Monday, April 13th 2009, 10:42 am
OKLAHOMA CITY -- What does Colonel Sanders have in common with an Oklahoma state senator? Plenty, and it has nothing to do with chicken.
To establish the connection, we have to go back almost 25 years, before Randy Bass ever thought about going into politics.
Bass, a Lawton native, was drafted by the Minnesota Twins in 1972. But the road to the majors was a long one. "I went to West Virginia, which was class 'A', I went to Lynchburg, Virginia the year after that," Bass said. "Very very few players go straight to the big leagues."
Bass played for the Twins, the Kansas City Royals, the Montreal Expos, the Texas Rangers, and the San Diego Padres. However, in 1983, he was given an option to play for Osaka Japan's Hanshin Tigers, and he accepted.
His first season was nothing spectacular, and his second was much better. But the 1985 season became one for the history books, literally. Bass and his teammates dominated the competition. The Tigers boasted more than 100 home runs in their starting infield.
"We had a guy named Kokefu who hit 47 home runs, Okada was the second baseman, he hit 35 home runs," Bass said. "Mayumi hit 35 home runs, and I (first base) hit 54 home runs, so it was unbelievable."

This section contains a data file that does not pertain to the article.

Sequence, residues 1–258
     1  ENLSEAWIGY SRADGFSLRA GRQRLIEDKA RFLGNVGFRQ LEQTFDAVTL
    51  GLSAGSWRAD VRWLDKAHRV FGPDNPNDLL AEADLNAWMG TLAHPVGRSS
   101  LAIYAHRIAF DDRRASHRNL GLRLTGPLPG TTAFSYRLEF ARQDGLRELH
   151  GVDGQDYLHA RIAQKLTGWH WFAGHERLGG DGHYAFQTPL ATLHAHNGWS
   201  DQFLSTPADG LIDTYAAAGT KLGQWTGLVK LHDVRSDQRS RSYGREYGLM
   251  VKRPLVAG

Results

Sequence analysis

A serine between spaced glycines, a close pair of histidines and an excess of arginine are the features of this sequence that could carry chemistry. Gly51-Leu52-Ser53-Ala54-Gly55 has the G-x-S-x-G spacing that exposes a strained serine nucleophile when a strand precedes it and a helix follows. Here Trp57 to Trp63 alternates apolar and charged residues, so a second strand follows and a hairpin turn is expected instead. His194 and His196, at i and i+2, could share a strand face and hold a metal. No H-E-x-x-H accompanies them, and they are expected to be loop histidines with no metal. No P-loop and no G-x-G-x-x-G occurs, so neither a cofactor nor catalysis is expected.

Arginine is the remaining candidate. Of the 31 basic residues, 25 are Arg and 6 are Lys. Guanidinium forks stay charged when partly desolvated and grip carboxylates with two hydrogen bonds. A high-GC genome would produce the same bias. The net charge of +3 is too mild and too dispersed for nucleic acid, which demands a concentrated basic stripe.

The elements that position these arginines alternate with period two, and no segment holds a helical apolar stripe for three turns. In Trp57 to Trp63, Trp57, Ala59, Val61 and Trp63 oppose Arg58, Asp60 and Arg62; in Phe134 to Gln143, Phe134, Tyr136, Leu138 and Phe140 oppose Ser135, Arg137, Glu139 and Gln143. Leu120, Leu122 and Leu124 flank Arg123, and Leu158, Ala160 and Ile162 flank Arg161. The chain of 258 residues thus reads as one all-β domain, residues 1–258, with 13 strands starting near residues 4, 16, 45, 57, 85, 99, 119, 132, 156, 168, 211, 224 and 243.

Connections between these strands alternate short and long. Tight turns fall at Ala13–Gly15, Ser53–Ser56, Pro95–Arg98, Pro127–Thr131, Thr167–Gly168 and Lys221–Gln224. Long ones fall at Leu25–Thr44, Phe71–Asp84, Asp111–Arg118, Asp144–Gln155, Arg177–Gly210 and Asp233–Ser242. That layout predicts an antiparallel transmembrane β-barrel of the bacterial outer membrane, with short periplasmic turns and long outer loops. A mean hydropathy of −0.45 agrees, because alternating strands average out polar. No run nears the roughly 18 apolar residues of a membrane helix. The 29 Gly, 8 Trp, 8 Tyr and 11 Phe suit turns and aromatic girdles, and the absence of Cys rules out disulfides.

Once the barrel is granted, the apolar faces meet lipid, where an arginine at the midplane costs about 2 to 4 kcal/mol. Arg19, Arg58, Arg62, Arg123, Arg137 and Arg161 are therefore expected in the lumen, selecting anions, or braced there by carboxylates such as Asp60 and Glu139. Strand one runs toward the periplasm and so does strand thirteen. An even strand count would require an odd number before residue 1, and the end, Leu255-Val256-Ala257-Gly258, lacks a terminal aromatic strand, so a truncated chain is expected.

Tigers fans, delirious from their team's victory, gathered at the Dotonburi River in downtown Osaka to celebrate. Every player's name was called out, their song was sung, and a fan dressed as that player plunged into the river.
Bass's name was called, his song was sung, but there was no one who resembled the bearded American.
Determined fans made a run to the Kentucky Fried Chicken restaurant near Koshien Stadium but they weren't looking for drumsticks, they wanted the Colonel. They dressed him in Bass's jersey and chucked him into the dirty Dotonburi, not realizing that they were also sinking the future title hopes of their beloved Tigers.
"There's no resemblance at all," Bass laughed. "He just happened to be in the wrong place at the wrong time."
The Tigers haven't won a title since, leading some to believe that the "Curse of the Colonel" is very real.
But there is new hope in Osaka.
Japanese workers found the Colonel on March 11 while building a sidewalk near the river. He was missing the bottom half of his body, and both hands, but most was later recovered.
Japanese TV covered the find extensively, and Senator Bass has already done interviews with news agencies in India and the United Kingdom.
And he's anxious for his old team to put the "Curse of the Colonel" behind them.
"What a great year to win," he said. "It'd just be like it was written in a book y'know, like it's supposed to be."
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